Florida may be known as the Sunshine State but that it wouldn’t be unfair to call it the Senior State either. Florida has the second-highest senior population in the nation following California and the numbers keep growing. For seniors and others living on a fixed income, health care expenses can quickly spiral out of control. The Florida Department of Elder Affairs own Profile of Older Floridians paints a bleak picture of the finances and medical coverage of seniors in the state.
Some of the scariest numbers in the Elder Affairs report are that over 923,000 Florida seniors are “medically underserved” and over 586,000 receive food stamps or SNAP. The numbers for seniors with disabilities are staggering. More than 793,000 seniors have one type of disability while an additional 872,568 seniors have two or more disabilities. This means there’s a lot of healthcare needs and a lot of healthcare visits needed in the state.
One of the scariest things for seniors who are often on fixed incomes are surprise bills, and yet those bills have become commonplace in their lives. Seniors go to a physician thinking that their healthcare coverage will cover the costs, only to find out when the bill comes that something wasn’t covered. The problem is that these bills are a direct result of poor communication and poor planning between parties who end up passing along their cost to the patients.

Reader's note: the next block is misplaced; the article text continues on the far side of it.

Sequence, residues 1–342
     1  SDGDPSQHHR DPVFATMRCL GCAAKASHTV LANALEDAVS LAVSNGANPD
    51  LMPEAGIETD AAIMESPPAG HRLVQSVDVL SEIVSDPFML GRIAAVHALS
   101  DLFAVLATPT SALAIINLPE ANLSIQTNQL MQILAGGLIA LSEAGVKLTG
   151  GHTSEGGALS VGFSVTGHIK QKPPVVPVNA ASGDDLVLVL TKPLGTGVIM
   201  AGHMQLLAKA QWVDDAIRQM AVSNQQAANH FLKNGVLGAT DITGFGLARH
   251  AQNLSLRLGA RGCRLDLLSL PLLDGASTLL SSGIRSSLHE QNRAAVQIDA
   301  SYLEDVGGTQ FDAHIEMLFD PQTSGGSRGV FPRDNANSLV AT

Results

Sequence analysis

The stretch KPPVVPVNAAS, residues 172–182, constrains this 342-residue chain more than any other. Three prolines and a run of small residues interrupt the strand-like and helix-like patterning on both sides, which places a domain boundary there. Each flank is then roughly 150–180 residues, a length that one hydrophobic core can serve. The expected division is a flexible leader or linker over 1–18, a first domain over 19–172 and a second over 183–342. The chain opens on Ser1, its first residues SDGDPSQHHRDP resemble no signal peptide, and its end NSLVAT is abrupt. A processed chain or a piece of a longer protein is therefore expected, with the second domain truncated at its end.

This can’t continue.
Congress needs to immediately rein in these burdensome costs and address the issue of surprise medical billing—an unfair practice that sticks patients with outrageously high bills for treatment or procedures they thought would be covered by insurance.
While it is undoubtedly a sign of progress that many in Congress are finally acknowledging the problem that is vexing their constituents around the nation, and are working to resolve this matter, it is extremely important for legislators to take the correct approach.
Seniors and others living on a fixed income could find themselves protected from high bills but unable to find doctors willing to care for them if current legislation under consideration becomes law. This “solution” would have a decidedly negative impact on health care access, particularly for seniors and patients living in one of Florida’s many rural communities. It is critical for Congress to make sure they don’t create a problem while trying to solve another.
Continue reading on The Capitolist.